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Article 27 -A Friend in Need.docx

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Department
Psychology
Course
PSYC 3690
Professor
Benjamin Gottlieb
Semester
Fall

Description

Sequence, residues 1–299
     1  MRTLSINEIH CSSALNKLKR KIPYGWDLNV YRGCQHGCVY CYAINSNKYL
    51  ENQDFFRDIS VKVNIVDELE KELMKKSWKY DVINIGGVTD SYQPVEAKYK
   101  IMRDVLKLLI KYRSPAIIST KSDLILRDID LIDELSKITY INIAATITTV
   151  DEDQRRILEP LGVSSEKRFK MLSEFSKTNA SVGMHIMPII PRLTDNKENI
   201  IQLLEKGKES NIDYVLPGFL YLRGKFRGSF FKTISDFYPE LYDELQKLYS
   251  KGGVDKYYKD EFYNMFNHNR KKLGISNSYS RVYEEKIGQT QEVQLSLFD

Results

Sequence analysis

Article 27 Title of Article: A Friend In Need -Main Purpose: looks at illness and friendship -“A friend in need is a friend indeed” suggests 2 concepts of friendship 1. Dependence 2. Altruism -Chronis illness works to bond and barrier -An opportunity for intimacy –friends can show concern -Reveals deepest fears and longing and pulls them out of proportion -Friends most often disappear in the face of crises b/c they don’t know how to respond or feel a sense of powerlessness -“Advantage of chronic illness is that friends who initially feel awkward and shy away often have time to make up for it -People in your life become more visible as they offer help in times of illness -Friendships require more than dependable altruism if the friend sticks around in times of recovery or remission –requires genuine empathy and seeing the individual not just a sick person (see and affirm healthy aspects of personality) -People distinguish b/w kind gestures at esp. valuable support, understand that illness is isolating and tedious as well as physically debilitating and adjust their habits to the person’s capacity -Need to be in tune w/ the person’s needs -Practical help is always appreciated but certain kinds stand out based on empathy shown (e.g. not just offering to take kids, but stay at their home w/ them and stick to daily routines or spending time w/ person and kids so they don’t get exhausted) -Small gestures that show genuine understanding and willingness to share in distress are just as welcome as major commitments -Illness only scares off a few friends and usually temporarily –calls forth generosity and brings new friends closer but initial feeling of buoyancy doesn’t last forever -W/ intermittent and invisible illness the need never ends it subsides or signs are subtle –help may need to be solicited in these cases which is when the awful specter of dependence intrudes -Deciding who to ask for help involves assessing the friendship and anticipating the strains that might be placed on them -People don’t like to ask for help –admission of helplessness (contradicts values of independence, self- reliance, etc.) which diminishes self-esteem esp. for men who really embrace masculine stereotypes -For men, wives are a primary source of support is their wives -Married women on the other hand express surprised gratitude when their husbands show empathy but are more likely to turn to female friends -women who do avoid reliance friends seem to do so b/c of self-doubt (v.s. the confidence men feel in their ability to handle things) -Reluctance to bother people very common among women –easy to interpret this as the ‘female’ characteristic of consideration for others, but has as much to do w/ feeling unworthy of special attention -Both men and women show horror of being regarded as needy -People who rely to heavily on others for practical and emotional support risk becoming burdensome -Friends may feel gratified for helping at first but then come to resent the intrusions -Hard to know where the limit is -Some friends end up continuing to provide practical support but w/draw emotionally -In some cases a convo about it helps… tell the friend I am free to ask for help if you are free to say no - knowing that friends will decline rather than harbor
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